By Dave Vardaman | Photography by Dave Shelikoff
Intermission is over. The shine of brass moves away, the glitz of uniforms slows, and the swoosh of the flags and batons moving in unison has been replaced by a still calm as the nearly three hundred marchers usher themselves en masse from the playing field that serves as the center of attention. In their place, athletes prepare to reengage in sport.
In this changing of the guard, one would expect a reduction in energy and a crowd that bides its time until the restart of the athletic competition, but not the Niceville High student section. There is an explosive crescendo building ... the drumline is on the way. From their staging area behind the goalpost, the percussionists begin to assemble. With the initial strike of cadence on a snare drum—signaling the “army” to march forward—the six-hundred-plus revelers in the student section begin to shudder like a pot of water on the stove about to reach its boiling point.
With the arrival of the drumline in front of the student section, the link between spectator and performer is complete. The drumline begins with a steady beat that makes the audience bounce with excitement. As the beat accelerates, the audience plays its part as each spectator wraps arms across classmates’ shoulders, swaying forward and back while yelling a rhythmic “hooo-hooo.” First, you hear it from the student section, then you hear the rest of the marching band from its station roughly fifty yards away. If you didn’t know better, you would think you were in a persistent echo chamber. Finally, at the jam session’s crowning moment, a simultaneous eruption of Silly String from hundreds of students climaxes the event. It is a sight to behold.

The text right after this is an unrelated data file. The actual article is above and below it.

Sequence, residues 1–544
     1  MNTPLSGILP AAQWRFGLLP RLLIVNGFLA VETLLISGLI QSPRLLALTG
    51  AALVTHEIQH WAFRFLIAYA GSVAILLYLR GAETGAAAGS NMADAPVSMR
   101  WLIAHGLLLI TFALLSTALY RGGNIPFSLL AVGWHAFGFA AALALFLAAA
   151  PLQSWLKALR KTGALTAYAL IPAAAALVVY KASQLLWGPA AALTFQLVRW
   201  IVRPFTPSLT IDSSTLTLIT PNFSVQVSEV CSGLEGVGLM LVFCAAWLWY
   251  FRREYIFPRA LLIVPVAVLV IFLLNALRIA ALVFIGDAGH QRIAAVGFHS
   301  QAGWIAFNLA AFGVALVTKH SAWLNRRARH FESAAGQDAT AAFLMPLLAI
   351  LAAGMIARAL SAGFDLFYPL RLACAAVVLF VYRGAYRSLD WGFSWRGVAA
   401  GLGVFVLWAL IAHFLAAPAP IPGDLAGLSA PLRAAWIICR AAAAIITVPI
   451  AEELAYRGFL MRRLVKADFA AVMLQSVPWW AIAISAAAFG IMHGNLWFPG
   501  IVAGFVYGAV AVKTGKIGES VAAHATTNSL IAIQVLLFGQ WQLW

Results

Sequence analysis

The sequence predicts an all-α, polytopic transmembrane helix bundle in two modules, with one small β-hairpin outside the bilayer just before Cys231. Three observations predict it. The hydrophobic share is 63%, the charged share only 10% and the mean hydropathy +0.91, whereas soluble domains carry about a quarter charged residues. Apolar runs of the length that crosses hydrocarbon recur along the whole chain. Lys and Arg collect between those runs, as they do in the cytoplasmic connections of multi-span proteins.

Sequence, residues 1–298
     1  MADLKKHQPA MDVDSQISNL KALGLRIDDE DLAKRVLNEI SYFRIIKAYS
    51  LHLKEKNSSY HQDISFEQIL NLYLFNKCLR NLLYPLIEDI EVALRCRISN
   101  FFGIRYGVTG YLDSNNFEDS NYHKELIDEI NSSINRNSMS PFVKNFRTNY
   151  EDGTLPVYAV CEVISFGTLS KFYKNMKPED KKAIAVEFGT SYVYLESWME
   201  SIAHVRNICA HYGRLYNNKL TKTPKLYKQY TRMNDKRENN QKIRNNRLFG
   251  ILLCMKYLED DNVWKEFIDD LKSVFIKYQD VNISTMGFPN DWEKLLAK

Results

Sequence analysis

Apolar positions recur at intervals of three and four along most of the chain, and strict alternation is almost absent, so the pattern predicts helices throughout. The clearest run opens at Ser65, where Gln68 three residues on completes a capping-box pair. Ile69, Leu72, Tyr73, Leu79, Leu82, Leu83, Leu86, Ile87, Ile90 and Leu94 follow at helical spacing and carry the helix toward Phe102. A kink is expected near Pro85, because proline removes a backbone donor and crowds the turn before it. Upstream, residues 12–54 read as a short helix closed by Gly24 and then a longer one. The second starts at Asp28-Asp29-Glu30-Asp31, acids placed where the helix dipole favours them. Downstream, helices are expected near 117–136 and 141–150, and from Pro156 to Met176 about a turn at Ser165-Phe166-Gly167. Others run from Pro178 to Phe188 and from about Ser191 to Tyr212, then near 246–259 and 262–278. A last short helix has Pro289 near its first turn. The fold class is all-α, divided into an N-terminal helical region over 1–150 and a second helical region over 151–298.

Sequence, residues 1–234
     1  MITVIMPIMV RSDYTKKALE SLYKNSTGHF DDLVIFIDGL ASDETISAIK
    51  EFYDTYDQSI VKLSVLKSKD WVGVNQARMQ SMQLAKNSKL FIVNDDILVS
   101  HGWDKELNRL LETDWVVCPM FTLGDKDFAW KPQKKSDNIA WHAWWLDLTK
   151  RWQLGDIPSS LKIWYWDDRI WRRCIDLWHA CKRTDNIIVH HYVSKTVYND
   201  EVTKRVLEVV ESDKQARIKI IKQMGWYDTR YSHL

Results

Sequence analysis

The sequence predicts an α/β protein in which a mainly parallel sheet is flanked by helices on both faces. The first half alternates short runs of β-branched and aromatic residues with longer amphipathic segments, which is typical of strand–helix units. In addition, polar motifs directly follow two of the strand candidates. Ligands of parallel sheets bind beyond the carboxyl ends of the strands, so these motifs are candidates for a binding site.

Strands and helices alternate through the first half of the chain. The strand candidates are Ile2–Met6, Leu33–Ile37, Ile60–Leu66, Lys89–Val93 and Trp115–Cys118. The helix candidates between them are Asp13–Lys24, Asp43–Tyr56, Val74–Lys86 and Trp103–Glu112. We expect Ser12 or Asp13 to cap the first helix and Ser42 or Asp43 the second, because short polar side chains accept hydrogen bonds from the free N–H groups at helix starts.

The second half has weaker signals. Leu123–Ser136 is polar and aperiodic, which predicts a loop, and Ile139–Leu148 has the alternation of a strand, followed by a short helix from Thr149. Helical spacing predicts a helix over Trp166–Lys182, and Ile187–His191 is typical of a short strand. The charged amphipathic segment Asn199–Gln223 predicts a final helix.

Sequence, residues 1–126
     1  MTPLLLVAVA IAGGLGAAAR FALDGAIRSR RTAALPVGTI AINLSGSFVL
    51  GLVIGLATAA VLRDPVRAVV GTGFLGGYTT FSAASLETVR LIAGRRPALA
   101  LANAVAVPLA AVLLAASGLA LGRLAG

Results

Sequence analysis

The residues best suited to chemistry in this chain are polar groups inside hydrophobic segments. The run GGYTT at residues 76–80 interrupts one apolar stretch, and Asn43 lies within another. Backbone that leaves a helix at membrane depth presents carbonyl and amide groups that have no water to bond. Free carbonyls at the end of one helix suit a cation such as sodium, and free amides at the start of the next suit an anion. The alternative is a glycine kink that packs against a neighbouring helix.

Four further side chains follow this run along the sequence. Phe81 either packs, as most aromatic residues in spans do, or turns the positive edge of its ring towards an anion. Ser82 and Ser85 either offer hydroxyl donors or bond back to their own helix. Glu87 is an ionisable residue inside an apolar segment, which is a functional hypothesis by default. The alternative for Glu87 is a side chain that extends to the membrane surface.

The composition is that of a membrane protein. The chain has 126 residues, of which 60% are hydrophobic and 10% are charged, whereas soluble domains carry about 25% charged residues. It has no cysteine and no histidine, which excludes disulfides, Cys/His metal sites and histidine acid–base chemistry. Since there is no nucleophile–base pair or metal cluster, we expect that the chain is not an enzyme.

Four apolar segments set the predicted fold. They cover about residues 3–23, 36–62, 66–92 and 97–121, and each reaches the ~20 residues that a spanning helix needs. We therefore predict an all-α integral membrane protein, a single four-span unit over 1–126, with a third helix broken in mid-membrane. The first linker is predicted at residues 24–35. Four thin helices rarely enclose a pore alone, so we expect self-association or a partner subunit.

While this ritual seems as if it might have been passed down from generation to generation, it is actually fairly new. So new, in fact, this year’s graduating class didn’t have this performance when they began high school. It started as an idea in 2008 between an energetic leadership teacher and an enthusiastic band director to help increase school spirit and involvement of the full student body. In a short period of time, it has evolved into an event that literally binds the whole school. When six hundred fans in the student section combine with nearly three hundred members of the marching band and they are simultaneously roaring their school spirit toward roughly one hundred classmates on the field, you’re witnessing a thousand energetic youth sharing the common goal of supporting one another. Impressive as this display is, how the school makes it work is just as interesting.
The effort is run almost solely by the students as they make all the moving parts come together. From the fight song cheers to dance movements to musical selections and even crowd control, they create a performance unlike any seen at a high school sporting event. Lastly, the performance is a superb lesson in how the effort of a small group of dedicated people, including students and teachers, can create a greater good for the entire community.
Four years ago on a football Friday night in Niceville, you would have seen a normal high school game not unlike hundreds of others played across the country. Today, however, you are part of an experience that words and pictures can only attempt to capture—the sound and motion of SPIRIT.
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